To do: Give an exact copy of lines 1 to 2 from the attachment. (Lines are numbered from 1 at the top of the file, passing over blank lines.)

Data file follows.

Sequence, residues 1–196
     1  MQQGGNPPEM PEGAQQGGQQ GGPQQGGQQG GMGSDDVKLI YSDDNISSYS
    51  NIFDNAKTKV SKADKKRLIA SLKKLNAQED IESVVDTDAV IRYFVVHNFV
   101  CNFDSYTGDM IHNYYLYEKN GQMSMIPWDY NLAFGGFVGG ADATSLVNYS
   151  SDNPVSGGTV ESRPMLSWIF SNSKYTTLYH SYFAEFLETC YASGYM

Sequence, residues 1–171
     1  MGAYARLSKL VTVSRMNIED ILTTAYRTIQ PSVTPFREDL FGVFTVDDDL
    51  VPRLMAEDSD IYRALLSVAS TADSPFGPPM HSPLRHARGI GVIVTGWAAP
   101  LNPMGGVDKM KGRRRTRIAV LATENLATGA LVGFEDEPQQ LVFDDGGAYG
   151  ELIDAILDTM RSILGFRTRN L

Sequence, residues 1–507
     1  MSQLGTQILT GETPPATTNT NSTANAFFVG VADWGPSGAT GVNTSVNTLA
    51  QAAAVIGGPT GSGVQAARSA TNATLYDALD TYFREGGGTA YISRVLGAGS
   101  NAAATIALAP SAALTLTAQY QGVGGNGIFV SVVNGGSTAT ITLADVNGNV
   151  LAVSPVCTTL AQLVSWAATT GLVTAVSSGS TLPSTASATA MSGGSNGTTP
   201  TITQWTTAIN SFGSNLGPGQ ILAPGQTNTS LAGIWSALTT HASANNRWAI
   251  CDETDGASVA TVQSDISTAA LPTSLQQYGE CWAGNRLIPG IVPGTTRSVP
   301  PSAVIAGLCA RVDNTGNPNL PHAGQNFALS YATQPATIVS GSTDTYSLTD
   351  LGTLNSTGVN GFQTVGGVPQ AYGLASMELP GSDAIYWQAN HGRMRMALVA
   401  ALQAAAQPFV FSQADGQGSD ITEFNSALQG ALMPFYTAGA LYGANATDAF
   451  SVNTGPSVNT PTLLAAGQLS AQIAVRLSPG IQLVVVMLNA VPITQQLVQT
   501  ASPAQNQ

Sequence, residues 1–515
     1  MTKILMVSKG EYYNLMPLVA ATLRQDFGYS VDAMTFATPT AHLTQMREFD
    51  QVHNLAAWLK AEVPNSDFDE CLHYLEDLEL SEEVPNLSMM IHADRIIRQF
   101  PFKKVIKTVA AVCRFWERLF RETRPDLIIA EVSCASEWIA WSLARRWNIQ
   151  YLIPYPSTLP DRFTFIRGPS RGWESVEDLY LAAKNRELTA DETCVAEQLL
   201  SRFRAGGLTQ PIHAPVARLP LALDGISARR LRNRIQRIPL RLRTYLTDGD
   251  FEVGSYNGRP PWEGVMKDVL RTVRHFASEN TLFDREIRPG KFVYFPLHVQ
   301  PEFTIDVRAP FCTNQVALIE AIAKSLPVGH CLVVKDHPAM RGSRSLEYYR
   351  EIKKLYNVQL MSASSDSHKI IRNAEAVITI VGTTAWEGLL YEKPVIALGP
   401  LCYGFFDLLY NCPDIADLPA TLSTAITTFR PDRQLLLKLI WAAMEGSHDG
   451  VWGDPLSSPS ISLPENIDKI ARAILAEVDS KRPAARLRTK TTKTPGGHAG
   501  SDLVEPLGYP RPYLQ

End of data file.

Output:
Sequence, residues 1–196
     1  MQQGGNPPEM PEGAQQGGQQ GGPQQGGQQG GMGSDDVKLI YSDDNISSYS